The Maine Veterans Home in Caribou is one of two in the state that are set to close this spring, according to officials from the nonprofit chain of veterans care facilities. Credit: Melissa Lizotte / Aroostook Republican

AUGUSTA, Maine — Gov. Janet Mills swiftly signed a bill requiring the nonprofit Maine Veterans’ Homes to seek funding and seek lawmakers’ OK before closing facilities Thursday after its unanimous passage through the Legislature.

The bill from Senate President Troy Jackson, D-Allagash, progressed quickly through the State House after the state-chartered nonprofit in February announced plans to close its homes in Machias and Caribou this spring. It passed just two weeks before the Machias home is supposed to close as an emergency bill.

Maine Veterans’ Homes provides long-term and skilled nursing care to veterans and certain family members at six facilities. The organization has operated at a deficit for two years, with the two homes targeted in the bill losing $2 million annually for several years, according to the nonprofit. The bill would use general, special and federal funds to provide $3.5 million in supplemental payments to the homes through 2023. The receipt of those funds would be contingent upon providing services, but the bill does not require the home to stay open for a set amount of time.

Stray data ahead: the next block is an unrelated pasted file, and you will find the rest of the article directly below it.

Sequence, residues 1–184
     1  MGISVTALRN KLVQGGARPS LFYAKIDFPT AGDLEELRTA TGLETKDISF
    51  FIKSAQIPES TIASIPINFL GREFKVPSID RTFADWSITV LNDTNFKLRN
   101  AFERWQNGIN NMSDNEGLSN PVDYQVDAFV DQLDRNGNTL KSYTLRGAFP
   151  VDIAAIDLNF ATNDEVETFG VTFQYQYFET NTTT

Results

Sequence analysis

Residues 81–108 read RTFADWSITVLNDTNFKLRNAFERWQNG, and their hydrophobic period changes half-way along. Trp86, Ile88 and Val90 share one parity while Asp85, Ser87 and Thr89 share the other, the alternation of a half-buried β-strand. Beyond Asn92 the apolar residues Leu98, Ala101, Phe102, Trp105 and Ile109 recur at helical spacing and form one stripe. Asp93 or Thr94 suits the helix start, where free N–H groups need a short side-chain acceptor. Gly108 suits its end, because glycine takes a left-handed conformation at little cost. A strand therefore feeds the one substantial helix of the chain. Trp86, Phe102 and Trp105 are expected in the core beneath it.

The Legislature’s unanimous vote, along with Mills’ promise to put funding for the homes in her supplemental budget package, all but assured the bill’s future. But the fate of the homes is not assured, as leaders at the nonprofit have said the legislation will not address staffing challenges they have faced or changing demographics in the state and will essentially take away the governing board’s authority.

It is not clear how the passage will affect the plans to close the facilities. Maine Veterans’ Homes did not immediately respond to a request for comment on the vote.

Supporters said the bill was critical to keeping veterans housed near their families and in facilities that provide quality care. They also stressed how important it would be to continue working with the nonprofit to ensure its success. That includes creating a stakeholder group meant to study how to return the homes to economic vitality.

“We know money cannot solve the problem alone,” said Sen. Craig Hickman, D-Winthrop.

Sen. Brad Farrin, R-Norridgewock, said support for the homes should not end with the passage of the bill.

“Keep your eye on the prize that is our Maine veterans and what we want to give them going forward,” he said.